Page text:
Van Dyk's by nature

Van Dyk News & Announcements // Aug 21, 2013

Notes from the 2013 Wild Blueberry Harvest

An intense blue sky rises endlessly above the rolling barrens, carpeted by tiny lush green leaved plants with a powder blue coating like blue icing on an elaborate cake. I’m standing in the middle of one of our largest wild blueberry fields, a cool ocean breeze tempers the August heat as an eagle sores in the distance. It doesn't get much better than this!

August is when the Van Dyk family of Caledonia really comes together. Grand Parents (OMA and OPA), Parents, Brothers, Sisters, Aunts , Uncles and cousins. You might think I’m describing a family reunion and I suppose it is one of sorts. But this is no normal family reunion. IT’S WILD BLUEBERRY HARVEST TIME and its all hands on deck. There’s hand raking and weighing to be done, mechanical harvesters to be run and trucks to be loaded and unloaded. It is a busy but exciting time of the year.

We have been waiting patiently all year. We have done all we can to help Mother Nature but in the end it is in her hands. Will we have good weather in the spring for pollination; will we avoid frost and get a good combination of sun and water? What will this year’s crop bring…it is time to find out.

This week we are harvesting our wild blueberry barrens in Sable River, NS, very close to the open Atlantic Ocean shore of Lockport, Shelburne County. Some of this property is level and rock free enough that we are able to harvest with mechanical harvesters. For the rest of the field, however, we will use the traditional harvest method of hand raking.

The hand rake is a dust pan like shape with a row of narrowly spaced steel prongs on the bottom and a handle on the top. You slip the prongs under the wild blue clusters tilt the front of the rake up and pull towards yourself. The sweet, delicious little wild blueberries break free of their clusters and roll into the back of your rake. You tilt your rake to the side and pour those healthy nutrient packed little blue gems into your pail and repeat. It is physically hard but rewarding work and a great way for junior and senior high school students and tough retirees to make some extra spending money.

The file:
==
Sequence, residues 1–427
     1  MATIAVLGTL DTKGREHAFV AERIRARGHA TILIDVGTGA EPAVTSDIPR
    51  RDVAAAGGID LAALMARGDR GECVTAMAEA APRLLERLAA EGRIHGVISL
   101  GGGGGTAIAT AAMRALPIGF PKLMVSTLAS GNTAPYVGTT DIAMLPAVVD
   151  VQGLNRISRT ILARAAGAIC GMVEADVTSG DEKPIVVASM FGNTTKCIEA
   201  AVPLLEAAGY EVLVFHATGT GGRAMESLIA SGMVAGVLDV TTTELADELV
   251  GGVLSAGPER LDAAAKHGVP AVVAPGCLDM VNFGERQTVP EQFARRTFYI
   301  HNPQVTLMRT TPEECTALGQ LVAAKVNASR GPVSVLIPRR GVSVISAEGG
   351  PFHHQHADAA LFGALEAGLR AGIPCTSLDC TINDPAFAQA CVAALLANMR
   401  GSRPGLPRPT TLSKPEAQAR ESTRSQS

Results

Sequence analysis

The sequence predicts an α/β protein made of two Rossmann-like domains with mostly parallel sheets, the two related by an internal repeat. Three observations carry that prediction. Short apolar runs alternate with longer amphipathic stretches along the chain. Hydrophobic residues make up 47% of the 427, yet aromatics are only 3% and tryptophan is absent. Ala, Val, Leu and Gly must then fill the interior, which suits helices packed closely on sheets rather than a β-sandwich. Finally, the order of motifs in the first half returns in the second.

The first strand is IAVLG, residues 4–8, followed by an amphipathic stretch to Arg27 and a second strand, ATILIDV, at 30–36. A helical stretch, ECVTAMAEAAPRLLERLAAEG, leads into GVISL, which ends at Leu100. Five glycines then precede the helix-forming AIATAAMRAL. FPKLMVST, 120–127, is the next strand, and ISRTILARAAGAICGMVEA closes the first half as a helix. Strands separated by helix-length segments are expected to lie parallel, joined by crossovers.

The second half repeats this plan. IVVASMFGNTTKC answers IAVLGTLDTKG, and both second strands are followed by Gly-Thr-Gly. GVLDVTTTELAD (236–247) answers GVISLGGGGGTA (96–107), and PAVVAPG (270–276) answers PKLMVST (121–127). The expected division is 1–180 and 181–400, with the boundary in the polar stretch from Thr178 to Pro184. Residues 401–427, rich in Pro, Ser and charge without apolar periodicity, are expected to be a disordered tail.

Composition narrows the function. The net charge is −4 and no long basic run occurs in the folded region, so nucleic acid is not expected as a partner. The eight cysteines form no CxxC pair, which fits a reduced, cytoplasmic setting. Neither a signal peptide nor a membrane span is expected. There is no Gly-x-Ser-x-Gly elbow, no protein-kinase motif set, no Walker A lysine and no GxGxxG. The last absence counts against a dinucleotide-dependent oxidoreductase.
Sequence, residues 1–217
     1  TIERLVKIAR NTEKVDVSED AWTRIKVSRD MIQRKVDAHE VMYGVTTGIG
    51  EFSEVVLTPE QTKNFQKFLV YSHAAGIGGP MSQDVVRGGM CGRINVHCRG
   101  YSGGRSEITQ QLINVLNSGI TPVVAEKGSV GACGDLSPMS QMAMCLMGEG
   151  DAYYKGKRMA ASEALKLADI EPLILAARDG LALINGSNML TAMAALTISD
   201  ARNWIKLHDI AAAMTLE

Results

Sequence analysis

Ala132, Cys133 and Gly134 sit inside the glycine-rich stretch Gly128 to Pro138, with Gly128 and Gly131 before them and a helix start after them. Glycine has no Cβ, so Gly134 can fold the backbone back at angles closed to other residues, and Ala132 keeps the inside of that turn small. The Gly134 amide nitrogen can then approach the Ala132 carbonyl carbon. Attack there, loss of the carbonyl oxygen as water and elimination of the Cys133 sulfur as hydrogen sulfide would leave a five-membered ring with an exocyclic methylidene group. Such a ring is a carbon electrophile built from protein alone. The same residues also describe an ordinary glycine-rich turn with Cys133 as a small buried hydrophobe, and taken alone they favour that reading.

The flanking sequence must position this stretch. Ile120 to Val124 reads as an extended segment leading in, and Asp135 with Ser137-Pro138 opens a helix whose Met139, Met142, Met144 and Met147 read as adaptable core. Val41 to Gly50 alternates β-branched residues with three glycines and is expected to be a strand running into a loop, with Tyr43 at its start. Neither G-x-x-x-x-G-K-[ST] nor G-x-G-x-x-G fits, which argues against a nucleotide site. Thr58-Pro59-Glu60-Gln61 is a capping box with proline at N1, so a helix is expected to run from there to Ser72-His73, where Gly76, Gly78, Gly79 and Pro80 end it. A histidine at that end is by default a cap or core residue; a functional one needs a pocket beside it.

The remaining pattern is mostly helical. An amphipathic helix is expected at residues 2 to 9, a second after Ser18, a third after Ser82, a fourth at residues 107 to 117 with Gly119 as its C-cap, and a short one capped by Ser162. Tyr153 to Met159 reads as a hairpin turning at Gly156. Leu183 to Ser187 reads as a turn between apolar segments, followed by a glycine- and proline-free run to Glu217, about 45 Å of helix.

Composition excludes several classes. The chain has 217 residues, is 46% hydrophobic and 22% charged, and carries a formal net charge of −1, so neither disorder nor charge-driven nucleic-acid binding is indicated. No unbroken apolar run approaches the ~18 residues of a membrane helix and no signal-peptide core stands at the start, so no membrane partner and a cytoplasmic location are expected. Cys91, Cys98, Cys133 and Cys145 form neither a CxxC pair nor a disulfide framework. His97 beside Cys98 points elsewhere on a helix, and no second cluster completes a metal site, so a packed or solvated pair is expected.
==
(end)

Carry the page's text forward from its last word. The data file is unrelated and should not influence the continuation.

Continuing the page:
Scoop pull, scoop pull, pour; scoop pull, scoop pull, pour; the experience raker quickly establishes a careful steady rhythm and what seems like an impossible task of filling a large pail with those tiny berries quickly becomes a reality. Most rakers prefer to have two pails with them in the row they are raking in. They fill the first and leave it in the row as they keep going. Once two are full they begin to walk to the weigh scale to have their buckets weighed and the amounts recorded under their name. The attentive weighers will see the rakers coming with two heavy pails and hurry to meet them to help carry their harvest to the scale.

The fields are marked off into rows, 8 to 10 feet in width and of varying length with white string. This helps keep some order in the field because these berries are wild there are no planted rows. There are as many unique styles as there are rakers. Some prefer to rake a row solo others prefer to rake in pairs. Some stand and bend, some rake on one knee some rake on two knees. But whatever your technique, sore backs are the most common complaint because the wild blueberry plant ranges from 6 to 10 inches in height.